Scientific Games Bets on Automated Scheduling

David Douglas, VP-Service Management, Scientific Games
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David Douglas, VP-Service Management, Scientific Games

Automated scheduling and dispatching is a key requirement for field service organizations that want to position themselves as a value provider within the enterprise and meet increasingly stringent customer expectations. While an experienced dispatch team can manually schedule technicians, it requires more than institutional knowledge to get technicians where they need to be in a timely fashion.

Scientific Games shifted to an automated dispatch/ scheduling and work order management solution to improve efficiency in the field and to help meet the strict arrival time requirements in its service level agreements (SLAs). The company has deployed a scheduling solution that re-adjusts technician schedules every three minutes, dynamically routing staff based on call priority, location, skill set, and other factors. This has improved customer service and also increased the number of calls each technician completes each day by nearly 70 percent.

Over the last 40 years, Scientific Games has provided lottery and gaming technology, equipment, game content, and marketing services to more than 1,500 customers on six continents. Two recent acquisitions–WMS in 2013 and Bally Technologies in 2014—significantly increased the scale and scope of the field service organization.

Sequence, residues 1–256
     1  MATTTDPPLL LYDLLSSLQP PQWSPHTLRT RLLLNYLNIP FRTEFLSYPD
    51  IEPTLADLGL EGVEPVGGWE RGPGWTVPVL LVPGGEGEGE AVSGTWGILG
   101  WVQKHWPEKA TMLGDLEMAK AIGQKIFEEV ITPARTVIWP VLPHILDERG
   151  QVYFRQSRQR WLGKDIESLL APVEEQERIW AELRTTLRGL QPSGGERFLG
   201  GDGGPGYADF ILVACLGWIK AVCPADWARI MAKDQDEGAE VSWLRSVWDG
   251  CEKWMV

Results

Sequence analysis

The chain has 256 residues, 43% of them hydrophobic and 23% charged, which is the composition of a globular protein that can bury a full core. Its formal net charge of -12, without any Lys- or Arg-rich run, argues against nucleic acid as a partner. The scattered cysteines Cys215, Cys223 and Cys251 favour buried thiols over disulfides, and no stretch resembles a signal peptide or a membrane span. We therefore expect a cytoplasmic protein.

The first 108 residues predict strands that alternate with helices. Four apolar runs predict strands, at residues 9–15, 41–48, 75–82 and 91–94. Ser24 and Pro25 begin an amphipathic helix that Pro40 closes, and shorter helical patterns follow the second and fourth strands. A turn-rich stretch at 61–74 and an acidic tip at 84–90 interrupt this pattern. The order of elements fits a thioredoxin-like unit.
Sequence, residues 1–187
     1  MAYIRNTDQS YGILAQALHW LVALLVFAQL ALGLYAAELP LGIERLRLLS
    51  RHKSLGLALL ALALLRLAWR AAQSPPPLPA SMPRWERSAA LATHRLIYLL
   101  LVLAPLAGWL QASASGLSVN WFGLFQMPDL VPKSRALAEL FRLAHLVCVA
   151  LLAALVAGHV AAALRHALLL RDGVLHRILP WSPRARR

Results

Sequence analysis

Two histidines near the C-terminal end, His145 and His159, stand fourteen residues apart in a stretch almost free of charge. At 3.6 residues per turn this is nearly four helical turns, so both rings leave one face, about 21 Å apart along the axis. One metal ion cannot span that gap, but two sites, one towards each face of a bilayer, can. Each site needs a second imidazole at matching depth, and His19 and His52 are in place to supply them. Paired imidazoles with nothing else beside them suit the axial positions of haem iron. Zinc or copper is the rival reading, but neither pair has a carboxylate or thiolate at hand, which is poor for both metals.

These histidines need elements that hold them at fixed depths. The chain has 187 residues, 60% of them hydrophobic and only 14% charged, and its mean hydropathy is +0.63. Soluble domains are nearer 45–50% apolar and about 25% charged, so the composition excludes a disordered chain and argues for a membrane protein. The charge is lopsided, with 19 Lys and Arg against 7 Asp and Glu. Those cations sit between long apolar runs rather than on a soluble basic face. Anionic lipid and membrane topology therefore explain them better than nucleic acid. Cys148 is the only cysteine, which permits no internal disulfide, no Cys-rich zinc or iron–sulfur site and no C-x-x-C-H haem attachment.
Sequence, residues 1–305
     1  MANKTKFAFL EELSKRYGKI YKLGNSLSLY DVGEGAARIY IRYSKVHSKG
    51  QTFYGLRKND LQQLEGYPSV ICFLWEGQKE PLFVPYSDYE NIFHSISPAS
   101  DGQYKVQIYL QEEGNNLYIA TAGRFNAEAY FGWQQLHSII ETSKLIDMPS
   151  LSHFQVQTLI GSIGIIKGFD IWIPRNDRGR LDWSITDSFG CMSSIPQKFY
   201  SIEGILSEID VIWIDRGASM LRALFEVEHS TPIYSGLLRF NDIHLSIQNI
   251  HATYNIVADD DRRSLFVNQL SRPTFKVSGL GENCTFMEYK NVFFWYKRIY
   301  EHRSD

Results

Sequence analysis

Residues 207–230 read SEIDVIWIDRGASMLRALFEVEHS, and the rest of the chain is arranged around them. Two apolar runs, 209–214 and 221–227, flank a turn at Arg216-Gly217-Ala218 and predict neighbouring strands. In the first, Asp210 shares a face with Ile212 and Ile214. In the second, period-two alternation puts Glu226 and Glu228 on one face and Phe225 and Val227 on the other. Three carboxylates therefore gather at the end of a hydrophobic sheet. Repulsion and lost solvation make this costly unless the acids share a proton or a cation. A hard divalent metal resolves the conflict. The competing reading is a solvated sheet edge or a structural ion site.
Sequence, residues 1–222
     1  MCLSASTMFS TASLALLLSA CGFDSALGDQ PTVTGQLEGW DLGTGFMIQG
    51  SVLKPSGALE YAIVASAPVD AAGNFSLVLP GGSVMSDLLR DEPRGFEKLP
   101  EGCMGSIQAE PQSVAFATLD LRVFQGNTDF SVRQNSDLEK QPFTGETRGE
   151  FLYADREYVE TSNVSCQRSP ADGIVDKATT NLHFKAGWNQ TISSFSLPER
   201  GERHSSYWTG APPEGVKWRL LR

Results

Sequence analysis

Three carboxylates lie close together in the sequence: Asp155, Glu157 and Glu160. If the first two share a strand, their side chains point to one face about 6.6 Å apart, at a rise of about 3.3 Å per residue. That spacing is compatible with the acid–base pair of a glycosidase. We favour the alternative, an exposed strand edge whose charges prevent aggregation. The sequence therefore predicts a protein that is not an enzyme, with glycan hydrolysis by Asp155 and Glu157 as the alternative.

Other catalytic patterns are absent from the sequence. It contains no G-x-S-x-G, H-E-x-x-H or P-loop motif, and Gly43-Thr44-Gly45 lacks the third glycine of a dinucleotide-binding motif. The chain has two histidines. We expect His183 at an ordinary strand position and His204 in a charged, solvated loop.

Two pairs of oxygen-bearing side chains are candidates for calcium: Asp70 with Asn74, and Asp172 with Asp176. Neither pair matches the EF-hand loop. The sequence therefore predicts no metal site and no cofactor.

The company's nearly 600 North American certified field service technicians install, repair and maintain gaming and lottery and other types of gaming machines at traditional casinos, tribal casinos, grocery stores, convenience stores, gas stations and other retail locations. They also manage equipment installation, converting, moving, removal and contract-based preventive maintenance. In 2013, the company rolled out the system to its 200 service technicians in the U.K.

Prior to the mobile solution, the company used the BMC Remedy AR service ticket system to manage technicians. When customers called in, a ticket was generated. Dispatchers would then manually dispatch the call to a technician over the phone. Technicians documented their work activities in a paper log and alerted dispatch of their status and location over the phone.

“As a company, we focus on finding solutions that improve service for our global customers and their customers. We did not have a mobile solution with GPS (Global Positioning System), and we were looking for more efficiencies in scheduling technicians based on their location,” says David Douglas, Vice President of Service Management.

The company wanted to increase technician efficiency and drive down its service operations costs. “In the lottery industry, implementing efficient technologies and processes allows us to reduce response time and increase customer satisfaction simultaneously,” Douglas says. “At the time, we completed an average of 3.2 calls per technician, per day. We wanted to utilize our resources better, and do some cost avoidance as well.”

Dynamic Scheduling Prioritizes Calls

“Our industry is not a typical break/fix model,” Douglas says. “Because of our response time requirements for lottery customers, the schedule is very dynamic. We typically push one call to the technician at a time based on the various priorities we have to weigh.”